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Diane Kim / Senior Staff Illustrator


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Victoria Hou is a sophomore in Columbia College attempting to study political science and economics (like every other student at this school). Her claim to fame includes a few posts that reached over 1,000 likes on columbia buy sell memes and her being the reason why the class of 2021 got T-shirts at the New Student Orientation Program. To all sophomores: You’re welcome. H Mart keeps her sane, but trips down to Koreatown and Chinatown keep her happy. You can find her pretending to study in Ref, likely on Facebook and ranting about Asian American issues. You can also send questions, secret admirer notes, and hate mail at vh2279@columbia.edu. Chop Suey runs alternate Mondays.


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Sarah Fornshell is a senior at Columbia College, majoring in English and theoretically concentrating in history. She is originally from Columbus, Ohio and spends most of her time reading, writing, or having unnecessarily pretentious conversations in Hungarian Pastry Shop. Her column will be centered around the pieces she has always wanted to see written and whatever else she thinks she can rant about for 800 words. She is a member of Alpha Chi Omega sorority and the former deputy editorial page editor at Spectator. I Do Indeed Give A F*** About The Oxford Comma runs alternate Tuesdays.


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Harmony Graziano is a Columbia College senior from Hawai’i studying linguistics and trying her very, very best at Arabic. People from home think she’s too type-A and people from school think she’s too laid back, so she ends up journaling a lot. She’s looking forward to holding office hours in the Hamilton attic this fall for Language & Society and always enjoys refining her sense of the best halal in Morningside Heights. If you need an open ear or a PB&J, hit her up at hmg2140@columbia.edu. The Bitching Hour runs alternate Wednesdays.


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Isabelle Robinson is a first-year at Barnard College studying English with a concentration in film? Creative writing? Theater? No one knows, and her parents are concerned. She is an aspiring comedic writer and performer from South Florida, which she fondly refers to as “the armpit of America.” In her spare time, she can be found stealing Kosher pastries from Hewitt, using dorm room decoration as a coping mechanism, and crying to her mom on FaceTime. Nice Jewish boys can reach her at irr2109@barnard.edu. Debbie Downer runs alternate Thursdays.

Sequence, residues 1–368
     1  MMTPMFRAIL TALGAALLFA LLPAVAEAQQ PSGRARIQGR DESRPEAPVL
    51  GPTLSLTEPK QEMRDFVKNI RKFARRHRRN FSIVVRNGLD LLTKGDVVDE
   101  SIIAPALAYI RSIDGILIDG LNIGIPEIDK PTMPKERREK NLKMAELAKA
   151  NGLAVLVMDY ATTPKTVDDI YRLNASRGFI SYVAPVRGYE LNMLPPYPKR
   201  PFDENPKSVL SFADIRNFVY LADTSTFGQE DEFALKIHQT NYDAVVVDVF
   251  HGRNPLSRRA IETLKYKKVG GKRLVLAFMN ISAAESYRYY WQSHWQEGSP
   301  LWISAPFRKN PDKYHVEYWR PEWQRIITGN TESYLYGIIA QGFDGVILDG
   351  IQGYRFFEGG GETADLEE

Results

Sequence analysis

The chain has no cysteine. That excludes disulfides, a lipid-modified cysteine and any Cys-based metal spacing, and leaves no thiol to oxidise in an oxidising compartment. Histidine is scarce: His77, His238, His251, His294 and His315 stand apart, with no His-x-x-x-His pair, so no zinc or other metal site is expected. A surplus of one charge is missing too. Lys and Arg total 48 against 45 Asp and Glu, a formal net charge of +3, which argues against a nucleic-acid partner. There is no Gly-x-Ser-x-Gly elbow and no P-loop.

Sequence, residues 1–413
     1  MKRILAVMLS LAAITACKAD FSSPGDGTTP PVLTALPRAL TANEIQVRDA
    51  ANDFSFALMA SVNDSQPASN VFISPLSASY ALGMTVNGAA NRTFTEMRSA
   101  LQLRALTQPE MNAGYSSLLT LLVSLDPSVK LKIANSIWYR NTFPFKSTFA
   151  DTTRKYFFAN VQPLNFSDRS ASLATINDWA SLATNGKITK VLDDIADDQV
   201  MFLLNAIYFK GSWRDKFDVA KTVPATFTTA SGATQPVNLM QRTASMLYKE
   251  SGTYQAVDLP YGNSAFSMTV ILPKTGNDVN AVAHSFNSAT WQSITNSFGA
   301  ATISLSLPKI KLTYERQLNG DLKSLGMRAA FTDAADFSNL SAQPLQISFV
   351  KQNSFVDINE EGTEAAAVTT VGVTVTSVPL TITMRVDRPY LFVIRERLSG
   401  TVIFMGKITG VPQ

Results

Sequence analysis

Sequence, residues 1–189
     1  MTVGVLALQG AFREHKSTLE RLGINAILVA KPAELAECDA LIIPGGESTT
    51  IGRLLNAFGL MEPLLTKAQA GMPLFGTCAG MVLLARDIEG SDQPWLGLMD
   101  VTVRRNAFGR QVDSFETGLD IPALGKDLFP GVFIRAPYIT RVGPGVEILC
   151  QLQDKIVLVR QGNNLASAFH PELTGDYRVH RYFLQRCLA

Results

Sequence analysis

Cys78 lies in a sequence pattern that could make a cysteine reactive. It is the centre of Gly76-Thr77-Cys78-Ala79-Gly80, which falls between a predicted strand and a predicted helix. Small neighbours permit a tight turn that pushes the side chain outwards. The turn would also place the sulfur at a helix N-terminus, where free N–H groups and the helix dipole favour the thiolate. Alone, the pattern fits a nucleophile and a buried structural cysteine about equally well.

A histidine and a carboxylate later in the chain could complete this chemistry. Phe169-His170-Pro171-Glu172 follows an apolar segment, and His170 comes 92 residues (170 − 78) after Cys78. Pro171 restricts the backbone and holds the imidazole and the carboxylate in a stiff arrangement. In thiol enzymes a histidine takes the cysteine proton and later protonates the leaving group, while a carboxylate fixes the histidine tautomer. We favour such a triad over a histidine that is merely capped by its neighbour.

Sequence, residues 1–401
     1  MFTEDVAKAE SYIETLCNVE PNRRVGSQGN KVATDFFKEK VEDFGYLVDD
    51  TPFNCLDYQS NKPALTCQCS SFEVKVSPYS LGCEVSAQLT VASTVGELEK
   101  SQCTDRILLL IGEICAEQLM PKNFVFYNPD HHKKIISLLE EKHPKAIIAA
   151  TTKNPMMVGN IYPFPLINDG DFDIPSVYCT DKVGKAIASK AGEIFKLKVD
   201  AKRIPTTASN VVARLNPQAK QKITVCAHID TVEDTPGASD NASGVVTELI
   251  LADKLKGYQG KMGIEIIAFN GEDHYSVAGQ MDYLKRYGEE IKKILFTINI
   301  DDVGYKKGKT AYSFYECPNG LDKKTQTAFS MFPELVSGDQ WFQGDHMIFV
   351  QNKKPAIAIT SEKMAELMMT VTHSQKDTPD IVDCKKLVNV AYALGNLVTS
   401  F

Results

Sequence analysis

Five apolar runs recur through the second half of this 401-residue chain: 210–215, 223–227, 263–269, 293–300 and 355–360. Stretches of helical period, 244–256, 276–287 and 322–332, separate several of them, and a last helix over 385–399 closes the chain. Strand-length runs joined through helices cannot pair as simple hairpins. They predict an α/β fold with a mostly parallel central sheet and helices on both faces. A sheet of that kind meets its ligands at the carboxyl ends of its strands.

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Shane Brasil-Wadsworth is a junior in Columbia College, where he majors in philosophy and claims to study history. A transfer student from Las Vegas, Nevada, he is currently in his second year at Columbia. The perspective with which he will afflict Spectator and its readership includes a disavowal of all forms of chauvinism, a valorization of the empirical approach, and an unstated yet evident conviction that he’s smarter than you. Pursuant to the last bit, the occasional five-dollar word will make its ostentatious and nugatory appearance. In his free time he enjoys reading, walking through parks, and mixing the two in endless and entirely unaccountable ways. Alethophilia runs alternate Thursdays.


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Anna Lokey is a senior in Columbia College studying philosophy. She is highkey interested in education policy reform and currently teaches middle schoolers. To keep up with the kids, she has perfected her shoot and memorized the entirety of Juice WRLD’s discography. Her hobbies include hating milk, crying to Frank Ocean, loitering in Riverside Park, reminding people she’s a Gemini, having existential crises in Butler, and trying to find her Juul. She doesn’t trust people who don’t have a finsta. Follow her neuroses on Twitter @analokay. A Girl and Her Juul runs alternate Fridays.